The New York Times recently reported that the sputtering economy and soaring food costs are forcing Americans to become thriftier at the table. Among other things, restaurant alcohol sales are down, and discount domestic beers are gaining at the expense of pricier imports. Wine went unmentioned, but strapped oenophiles are also scaling back. That is not such a hardship in major cities like New York, Los Angeles, and San Francisco, which are home to sophisticated wine boutiques carrying toothsome Bourgeuils, Brouillys, and other inexpensive elixirs. But does this QPR cornucopia (QPR stands for quality-price ratio and is an acronym often used by wine buffs to denote good value) extend to the suburbs and the sticks? What's the cheap stuff like out there?
To find out, I visited a Total Wine & More outlet in Wilmington, Del., last month. Total claims to be the country's biggest independent wine retailer (meaning it's not part of some larger enterprise, like Costco), and given the chain's 52 locations in 10 states and its combined sales of more than 33 million bottles a year, I'm inclined to take their word for it. The Wilmington store was cavernous, with an enormous selection of discount wines. My self-assigned mission: to see whether there were any $15-and-under wines, domestic or imported, that I'd be willing to recommend.
Twenty-two bottles and $298.21 later, I can report that I discovered some good wines and had an unexpectedly edifying experience. Over the last decade, international demand for lower-priced French wines has fallen sharply, which helps explain why thousands of French vintners are now struggling to stay in business. The French are not being beaten on price. They are being beaten on taste, and I now understand more than ever why that's the case. The Total store was filled with exuberantly fruity cabernets, Syrahs, and sauvignon blancs from Australia, Chile, South Africa, and other countries. Many of them are not to my liking—I prefer leaner, drier, more mineral-driven wines—but it's easy to see why they are so appealing, particularly relative to what was on offer from France.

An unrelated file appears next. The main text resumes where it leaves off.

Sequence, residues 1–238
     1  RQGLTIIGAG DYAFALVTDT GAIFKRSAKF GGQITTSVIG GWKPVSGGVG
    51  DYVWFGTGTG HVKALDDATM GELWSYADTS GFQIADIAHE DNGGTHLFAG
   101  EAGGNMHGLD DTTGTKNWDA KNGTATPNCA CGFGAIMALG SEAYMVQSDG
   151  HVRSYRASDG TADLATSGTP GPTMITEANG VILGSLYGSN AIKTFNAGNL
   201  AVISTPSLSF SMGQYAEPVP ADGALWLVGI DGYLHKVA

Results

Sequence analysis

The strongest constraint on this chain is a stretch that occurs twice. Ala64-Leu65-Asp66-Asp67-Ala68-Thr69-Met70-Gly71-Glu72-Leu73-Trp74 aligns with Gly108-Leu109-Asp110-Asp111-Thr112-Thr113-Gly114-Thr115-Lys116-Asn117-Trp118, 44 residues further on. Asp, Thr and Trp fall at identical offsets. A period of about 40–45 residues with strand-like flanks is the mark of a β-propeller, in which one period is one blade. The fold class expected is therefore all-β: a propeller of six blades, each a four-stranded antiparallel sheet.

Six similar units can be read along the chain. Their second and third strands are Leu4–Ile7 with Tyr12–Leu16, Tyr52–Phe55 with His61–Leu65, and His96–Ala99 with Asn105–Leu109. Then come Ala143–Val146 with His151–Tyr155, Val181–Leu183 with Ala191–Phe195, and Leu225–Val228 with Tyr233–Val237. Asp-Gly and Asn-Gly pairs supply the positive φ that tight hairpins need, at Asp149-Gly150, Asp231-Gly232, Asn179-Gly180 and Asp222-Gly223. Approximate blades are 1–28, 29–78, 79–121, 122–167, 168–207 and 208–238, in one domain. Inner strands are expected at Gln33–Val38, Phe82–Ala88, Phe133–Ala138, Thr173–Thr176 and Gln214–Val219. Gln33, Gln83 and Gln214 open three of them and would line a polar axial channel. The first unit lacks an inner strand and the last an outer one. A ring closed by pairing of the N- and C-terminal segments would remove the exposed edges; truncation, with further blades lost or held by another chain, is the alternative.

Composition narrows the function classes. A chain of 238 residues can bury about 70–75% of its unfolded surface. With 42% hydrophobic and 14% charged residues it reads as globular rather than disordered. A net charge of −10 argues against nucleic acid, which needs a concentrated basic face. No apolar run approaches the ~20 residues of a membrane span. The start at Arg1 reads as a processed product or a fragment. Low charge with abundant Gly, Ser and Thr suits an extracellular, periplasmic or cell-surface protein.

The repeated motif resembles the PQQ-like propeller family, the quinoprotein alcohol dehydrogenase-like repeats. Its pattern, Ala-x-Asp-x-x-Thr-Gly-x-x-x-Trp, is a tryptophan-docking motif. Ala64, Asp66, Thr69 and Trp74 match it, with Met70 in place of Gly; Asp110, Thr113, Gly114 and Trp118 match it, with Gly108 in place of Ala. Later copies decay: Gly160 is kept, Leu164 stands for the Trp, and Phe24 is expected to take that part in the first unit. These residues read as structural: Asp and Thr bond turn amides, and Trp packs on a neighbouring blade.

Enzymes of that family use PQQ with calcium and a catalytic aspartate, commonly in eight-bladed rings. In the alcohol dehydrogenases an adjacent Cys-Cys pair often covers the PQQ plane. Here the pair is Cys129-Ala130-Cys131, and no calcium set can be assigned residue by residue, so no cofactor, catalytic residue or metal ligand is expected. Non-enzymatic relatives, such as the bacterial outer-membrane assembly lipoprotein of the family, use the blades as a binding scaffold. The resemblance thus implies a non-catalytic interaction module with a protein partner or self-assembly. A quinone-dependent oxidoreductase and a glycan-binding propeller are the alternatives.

There was no shortage of $15-and-under French wines, but the choices were uninspired. I liked the warm, spicy 2005 S.C.V. Castelmaure Corbières Col des Vents ($9.99), a red from a cooperative in the Languedoc, but the other French wines I tasted were decidedly limp. There was nothing interesting from the Loire, and the Beaujolais section appeared to be composed almost entirely of Georges Duboeuf bottlings. It is not that France doesn't produce good cheap wines; the Loire is a QPR nirvana. Ditto Beaujolais, the Languedoc, Mâcon, and the Rhône Valley. But the better ones are generally made in small quantities, and while they are readily available in New York and other big cities, they were not on the shelves in Wilmington.
Conversely, I was struck by the depth of the Spanish section. I knew that Spain had become a popular source of budget wines; nonetheless, I was surprised by the size and quality of Total's Spanish inventory. There were a number of $15-and-under offerings, for instance, from estimable importer Eric Solomon, who has a vast Iberian portfolio. One of his wines, the 2006 Artazu Artazuri ($11.99), a Grenache from the Navarra region, was superb. It packed plenty of ripe, dark fruit, nicely offset by a subtle herbal kick and terrific acidity—all in all, an excellent red for the money. Another winner was the 2004 Cune Rioja Crianza ($13.99), a pleasantly juicy wine that hit all the right Rioja notes (cherries, plums, tobacco, a whiff of nuts).